In this episode, we discuss wine pairings on multiple dimensions. First, Bryce Wiatrak interviews Master of Wine Susan R Lin MW about her career as a classical pianist and how her first passion inspired the topic of her MW Research Paper: pairing Champagne with classical music. Then, Bryce and Christopher Tanghe dive into a friendly debate to settle the question of whether wine and food pairings are all they’re cracked up to be.
This month’s blind tasting segment with Emily Nixon features sommelier Jonathan Eichholz. Are you able to recognize the wine based on Jonathan’s description alone? Wanda Cole-Nicholson also reveals the wine she tasted in last month’s Managing New & Old Vines episode.
Click here to play this audio clip
Susan Lin, MW is the Head of Wine Expertise for online fine wine retailer Belmont Wine Exchange. As a consultant she curates wine collections, designs wine programs, and specializes in wine and spirits music pairings and events. A lifelong devotee of music, Susan is a classical pianist and holds a Master of Fine Arts in Classical Piano Performance and Musicology. She has performed internationally as a Chinese classical and folk dancer.
Susan was named Master of Wine in February 2021 upon the acceptance of her research paper, Influences of classical music on the perception of a Brut non-vintage Champagne. She enjoys working with performing arts organizations to grow their audiences through innovative programming and events, integrating wine whenever possible. Susan is based in the San Francisco Bay Area.
During her conversation with Bryce, Susan describes three classical pieces she used in her Master of Wine research. Listen to them on her Apple Music playlist.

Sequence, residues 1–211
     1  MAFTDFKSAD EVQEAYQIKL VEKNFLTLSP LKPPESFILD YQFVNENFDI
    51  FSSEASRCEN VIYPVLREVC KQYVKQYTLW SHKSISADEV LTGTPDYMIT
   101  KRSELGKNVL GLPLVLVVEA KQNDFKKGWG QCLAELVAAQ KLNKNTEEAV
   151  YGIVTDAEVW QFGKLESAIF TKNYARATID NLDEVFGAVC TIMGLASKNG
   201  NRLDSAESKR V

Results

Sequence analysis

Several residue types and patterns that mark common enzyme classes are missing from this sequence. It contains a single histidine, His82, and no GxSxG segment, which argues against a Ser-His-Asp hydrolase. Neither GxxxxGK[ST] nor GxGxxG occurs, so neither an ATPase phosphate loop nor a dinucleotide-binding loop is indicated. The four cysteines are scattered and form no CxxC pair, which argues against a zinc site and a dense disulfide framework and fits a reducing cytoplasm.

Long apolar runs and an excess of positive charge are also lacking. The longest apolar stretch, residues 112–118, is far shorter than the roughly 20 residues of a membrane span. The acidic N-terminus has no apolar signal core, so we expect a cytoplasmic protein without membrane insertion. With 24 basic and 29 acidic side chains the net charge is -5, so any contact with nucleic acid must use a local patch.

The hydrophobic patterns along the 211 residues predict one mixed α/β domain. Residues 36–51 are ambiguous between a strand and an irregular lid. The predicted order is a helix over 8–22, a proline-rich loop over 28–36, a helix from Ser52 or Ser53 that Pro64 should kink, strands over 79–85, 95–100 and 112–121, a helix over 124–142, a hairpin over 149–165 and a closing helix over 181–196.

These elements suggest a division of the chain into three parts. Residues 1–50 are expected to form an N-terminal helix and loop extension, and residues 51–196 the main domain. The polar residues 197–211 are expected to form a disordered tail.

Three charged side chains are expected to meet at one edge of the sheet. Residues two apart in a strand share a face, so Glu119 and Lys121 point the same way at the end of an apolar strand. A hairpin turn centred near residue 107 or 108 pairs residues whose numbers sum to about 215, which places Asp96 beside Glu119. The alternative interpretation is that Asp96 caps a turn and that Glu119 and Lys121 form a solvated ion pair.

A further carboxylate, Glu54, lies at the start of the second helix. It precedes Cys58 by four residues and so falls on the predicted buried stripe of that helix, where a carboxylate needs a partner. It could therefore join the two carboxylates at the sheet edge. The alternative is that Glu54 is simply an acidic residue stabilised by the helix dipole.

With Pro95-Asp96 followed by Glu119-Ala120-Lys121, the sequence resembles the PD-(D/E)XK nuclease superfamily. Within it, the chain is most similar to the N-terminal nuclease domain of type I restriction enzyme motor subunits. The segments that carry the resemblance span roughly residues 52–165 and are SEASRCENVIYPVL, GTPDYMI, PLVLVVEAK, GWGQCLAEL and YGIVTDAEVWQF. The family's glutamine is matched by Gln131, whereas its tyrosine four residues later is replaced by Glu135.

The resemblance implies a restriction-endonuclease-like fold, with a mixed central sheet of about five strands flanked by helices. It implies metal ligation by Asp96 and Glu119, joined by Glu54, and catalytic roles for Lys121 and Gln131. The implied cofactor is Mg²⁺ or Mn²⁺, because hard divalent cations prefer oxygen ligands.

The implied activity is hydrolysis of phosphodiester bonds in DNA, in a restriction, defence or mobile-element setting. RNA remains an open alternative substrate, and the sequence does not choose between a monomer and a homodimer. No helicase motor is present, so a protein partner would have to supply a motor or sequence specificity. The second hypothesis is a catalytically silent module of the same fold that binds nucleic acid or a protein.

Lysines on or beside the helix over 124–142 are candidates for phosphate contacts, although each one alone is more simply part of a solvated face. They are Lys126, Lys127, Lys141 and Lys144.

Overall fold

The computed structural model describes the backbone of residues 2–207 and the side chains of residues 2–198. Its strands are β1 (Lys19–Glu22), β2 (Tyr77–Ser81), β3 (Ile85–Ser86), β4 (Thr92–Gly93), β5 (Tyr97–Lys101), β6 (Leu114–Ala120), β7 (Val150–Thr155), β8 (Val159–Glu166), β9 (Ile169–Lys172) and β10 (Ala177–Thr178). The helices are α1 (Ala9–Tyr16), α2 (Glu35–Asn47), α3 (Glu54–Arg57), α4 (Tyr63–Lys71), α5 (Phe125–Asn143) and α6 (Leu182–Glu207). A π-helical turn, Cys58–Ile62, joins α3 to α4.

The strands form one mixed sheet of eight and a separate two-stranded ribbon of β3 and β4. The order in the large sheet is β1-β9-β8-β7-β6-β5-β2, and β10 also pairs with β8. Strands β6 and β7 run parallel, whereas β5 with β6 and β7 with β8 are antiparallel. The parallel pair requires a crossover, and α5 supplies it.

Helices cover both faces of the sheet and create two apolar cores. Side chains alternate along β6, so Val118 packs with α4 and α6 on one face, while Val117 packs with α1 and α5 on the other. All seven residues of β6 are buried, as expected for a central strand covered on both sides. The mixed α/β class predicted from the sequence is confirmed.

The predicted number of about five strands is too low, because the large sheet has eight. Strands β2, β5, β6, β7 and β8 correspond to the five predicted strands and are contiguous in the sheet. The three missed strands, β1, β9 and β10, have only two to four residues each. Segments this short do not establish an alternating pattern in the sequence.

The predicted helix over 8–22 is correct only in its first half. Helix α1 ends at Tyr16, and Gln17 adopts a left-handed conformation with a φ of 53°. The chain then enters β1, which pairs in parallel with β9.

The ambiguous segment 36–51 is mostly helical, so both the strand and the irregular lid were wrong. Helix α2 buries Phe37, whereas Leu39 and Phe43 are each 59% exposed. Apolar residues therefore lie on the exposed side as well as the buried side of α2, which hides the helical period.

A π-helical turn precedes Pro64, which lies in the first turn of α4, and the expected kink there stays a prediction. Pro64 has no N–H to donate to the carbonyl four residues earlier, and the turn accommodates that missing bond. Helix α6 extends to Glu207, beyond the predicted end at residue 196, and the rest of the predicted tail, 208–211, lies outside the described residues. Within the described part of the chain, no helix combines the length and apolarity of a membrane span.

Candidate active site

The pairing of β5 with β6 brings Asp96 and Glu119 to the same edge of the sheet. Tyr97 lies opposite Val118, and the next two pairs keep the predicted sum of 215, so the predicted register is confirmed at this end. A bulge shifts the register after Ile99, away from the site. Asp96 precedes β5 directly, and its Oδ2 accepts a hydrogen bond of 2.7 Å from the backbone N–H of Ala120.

Jonathan Eichholz is a sommelier in New York City. While he studied neuroscience and history in college, his focus soon shifted to wine after spending a summer working at Murray’s Cheese. Since graduating from Colby College, Jonathan has served as a sommelier at Michelin-starred restaurants Aquavit and The Modern. In 2019, Jonathan was named Best Young Sommelier in America and Second-Best Young Sommelier in The World. He is an Advanced Sommelier, Certified Cicerone, and New York hip-hop aficionado.
Early in the episode, Wanda Cole-Nicholson returns to reveal the wine she tasted with Emily in the Managing New & Old Vines Episode in July. If you haven't heard Wanda's tasting description yet, listen to the final 11 minutes of that episode. You can find the wine here.
Wanda's wine and spirits career began in Chicago’s fine dining restaurants and institutions, including ¡Salpicón!, Mercat a la Planxa, NaHa, Blue Water Grill, Kendall College, and Triton College. She is the founder and principal of VinBev, which provides a host of wine consulting services, and is also a wine specialist for Grapevine Wines and Spirits in Kirkwood, Missouri.
Wanda’s formal education includes the Advanced Sommelier certification from The Court of Master Sommeliers and a Bachelor of Arts degree from the University of Missouri. She has received the Best of Award of Excellence from Wine Spectator, an Award of Distinction from Wine Enthusiast, and a DiRoNA Award of Excellent, among other awards. Wanda resides in Chesterfield, Missouri with her husband and twin five-year-olds.
Fascinating how someone from Guildsomm seems to want to belittle and negate a big part of what being a Sommelier is. Also, many cuisines around the world seem to have directly evolved in relation to the structure of wines available and vice versa.
You have every right to your opinions and I am glad you stand behind them. I shall have mine own and always welcome professional discussions.
Hi Kyle, thanks for listening to the podcast and for your feedback. By no means am I trying to belittle the role of the sommelier – I have infinite respect for the position. As a journalist, I try to approach everything with a sense of skepticism – and I would just as easily question many of the things that are staples of the wine writing profession (scores, listicles, etc.). Among them would also be writing about food pairings! Admittedly, this conversation did take a turn toward hospitality – but the concept of food and wine pairing is something I see touted in every corner of our industry. Based on my own experiences and a healthy amount of research, these are the conclusions I have come to.
I stand by my opinions, but I understand and respect that there are many counterviews like those of Chris, and I would imagine yourself, just as there are many wine professionals who have shared thoughts closer to mine. I do welcome any debate and hope this sparks some dialogue.